comma (an excellent specimen of Raphael Mor“to hear the venerable John Wesley on one of the ghen's “Last Supper” after Da Vinci)—lettered infirm, and was attended, and almost supported in the proof-impression before the retouch-engraver's pulpit, by a young minister on each side. The chapel proof with the burr, and before the border-proof, was crowded to suffocation.

before the publication line and date-unfinished he repeated, though with an application of his own, the proof — engraver’s proof with the burr on the lines from Anacreon

margin-India open letter proof -proof in the “Oft am I by women told,

first state, with the burr- presentation proof with Poor Anacreon! thou grow'st old ;

engraver's autograph — autograph proof - first See, thine hairs are falling all,

proof: original print - middle plate - engraver's Poor Anacreon! how they fall! Whether I grow old or no,

proof, touched on by the painter (by Turner) By these signs I do not know;

original subscriber's copy – open letter proofBut this I need not to be told,

artist's proof signed by the painter - artist's 'Tis time to live if I grow old.'

proof signed by the painter and the engtarer "My father was much struck by his reverend appear proof of the second plate-private plate: proof ance and his cheerful air, and the beautiful cadence he (T. Landseer's “Man proposes and God disposes," gave to these lines; and, after the service, introduced after Sir E. Landseer) - signed artist's proof bimself to the patriarch, who received him with bene first proof.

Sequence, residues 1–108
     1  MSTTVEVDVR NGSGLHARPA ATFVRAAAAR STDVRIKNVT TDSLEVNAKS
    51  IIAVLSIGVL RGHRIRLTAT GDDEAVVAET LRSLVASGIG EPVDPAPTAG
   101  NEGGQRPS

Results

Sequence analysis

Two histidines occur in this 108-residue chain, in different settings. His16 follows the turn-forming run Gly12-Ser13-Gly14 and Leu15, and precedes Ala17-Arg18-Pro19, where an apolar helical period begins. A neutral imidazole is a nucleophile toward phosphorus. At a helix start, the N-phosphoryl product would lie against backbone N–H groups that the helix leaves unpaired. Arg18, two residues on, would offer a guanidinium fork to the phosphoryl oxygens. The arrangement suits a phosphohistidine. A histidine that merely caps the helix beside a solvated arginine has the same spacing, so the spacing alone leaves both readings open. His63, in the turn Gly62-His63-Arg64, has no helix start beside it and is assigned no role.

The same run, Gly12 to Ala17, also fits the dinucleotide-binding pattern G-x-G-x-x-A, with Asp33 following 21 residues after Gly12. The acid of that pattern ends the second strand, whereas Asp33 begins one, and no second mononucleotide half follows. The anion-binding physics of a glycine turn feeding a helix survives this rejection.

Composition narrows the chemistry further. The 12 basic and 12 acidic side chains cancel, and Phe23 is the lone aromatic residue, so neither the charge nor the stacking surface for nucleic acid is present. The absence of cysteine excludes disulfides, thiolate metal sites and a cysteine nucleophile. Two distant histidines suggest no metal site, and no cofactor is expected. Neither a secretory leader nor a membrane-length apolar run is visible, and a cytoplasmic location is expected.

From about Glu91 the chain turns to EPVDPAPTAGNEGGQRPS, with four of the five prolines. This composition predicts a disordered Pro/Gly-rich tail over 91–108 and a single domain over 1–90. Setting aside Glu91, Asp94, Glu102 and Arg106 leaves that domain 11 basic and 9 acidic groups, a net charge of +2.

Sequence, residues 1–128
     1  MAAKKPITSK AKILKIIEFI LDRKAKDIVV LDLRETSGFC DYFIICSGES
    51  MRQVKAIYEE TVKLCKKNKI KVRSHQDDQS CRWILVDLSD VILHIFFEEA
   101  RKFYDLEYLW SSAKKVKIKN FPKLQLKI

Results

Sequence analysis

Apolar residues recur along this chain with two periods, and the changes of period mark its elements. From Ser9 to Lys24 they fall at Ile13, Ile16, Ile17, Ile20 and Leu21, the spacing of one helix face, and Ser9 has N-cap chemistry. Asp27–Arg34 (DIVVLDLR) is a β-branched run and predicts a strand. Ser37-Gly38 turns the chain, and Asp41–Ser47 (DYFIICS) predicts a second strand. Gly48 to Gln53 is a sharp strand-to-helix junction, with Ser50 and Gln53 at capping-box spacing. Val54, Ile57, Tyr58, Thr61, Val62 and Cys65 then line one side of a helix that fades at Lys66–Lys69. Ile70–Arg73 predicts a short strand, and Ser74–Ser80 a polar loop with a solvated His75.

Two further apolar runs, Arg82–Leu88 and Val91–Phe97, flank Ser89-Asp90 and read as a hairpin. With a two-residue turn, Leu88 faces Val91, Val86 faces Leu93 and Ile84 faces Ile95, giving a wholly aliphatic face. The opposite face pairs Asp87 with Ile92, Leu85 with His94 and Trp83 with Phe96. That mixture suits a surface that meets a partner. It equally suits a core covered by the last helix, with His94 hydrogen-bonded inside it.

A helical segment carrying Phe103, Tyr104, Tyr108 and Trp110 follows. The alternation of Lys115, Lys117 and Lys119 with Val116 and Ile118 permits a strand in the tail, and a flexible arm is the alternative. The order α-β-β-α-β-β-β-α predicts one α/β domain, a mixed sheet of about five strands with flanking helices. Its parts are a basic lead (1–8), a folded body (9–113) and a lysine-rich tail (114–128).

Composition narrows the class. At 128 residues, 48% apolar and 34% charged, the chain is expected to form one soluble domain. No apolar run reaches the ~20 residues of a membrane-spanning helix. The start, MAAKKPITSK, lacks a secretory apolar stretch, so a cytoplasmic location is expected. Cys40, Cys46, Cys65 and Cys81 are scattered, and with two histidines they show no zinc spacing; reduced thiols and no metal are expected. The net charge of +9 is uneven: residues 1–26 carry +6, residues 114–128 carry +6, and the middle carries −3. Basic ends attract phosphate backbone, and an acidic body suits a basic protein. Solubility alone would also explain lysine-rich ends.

HERMANN KINDZ. volent politeness."

Crabbe was afterwards much annoyed by the preaching of the Wesleyans in his own parish of Muston. He mentions Wesley and his followers

In the course of the sermon

very

“OUR OWN CORRESPONDENT.”

ham; but who else in the habitable globe ? Mr. TennyAs the history of the nineteenth century will

son is a great man; but will it be believed I had it from

an eye-witness-that when Southey's “ Thalaba' was pubbe chiefly compounded from newspapers, and The lished a queue of expectant readers waited for hours the Spectator has prophesied a permanent duration to arrival of the coach that was to bring the first impression “N. & Q.,” I write to put future historians on to Edinburgh? But then Southey was laureate, and, pertheir guard against supposing that all newspaper haps, fifty years hence it will be as hard to find believers

in. Maud' as in “Thalaba.' Of course we are wiser. The correspondents are such as they describe them